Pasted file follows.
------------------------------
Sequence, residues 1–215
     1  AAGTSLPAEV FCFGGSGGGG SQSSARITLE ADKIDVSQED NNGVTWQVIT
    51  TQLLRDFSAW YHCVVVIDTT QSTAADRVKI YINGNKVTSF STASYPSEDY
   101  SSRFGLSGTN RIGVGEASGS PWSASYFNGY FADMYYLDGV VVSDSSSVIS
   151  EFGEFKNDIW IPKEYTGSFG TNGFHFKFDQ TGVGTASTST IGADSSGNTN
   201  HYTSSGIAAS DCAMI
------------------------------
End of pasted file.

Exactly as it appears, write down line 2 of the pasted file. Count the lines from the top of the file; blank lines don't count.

     1  AAGTSLPAEV FCFGGSGGGG SQSSARITLE ADKIDVSQED NNGVTWQVIT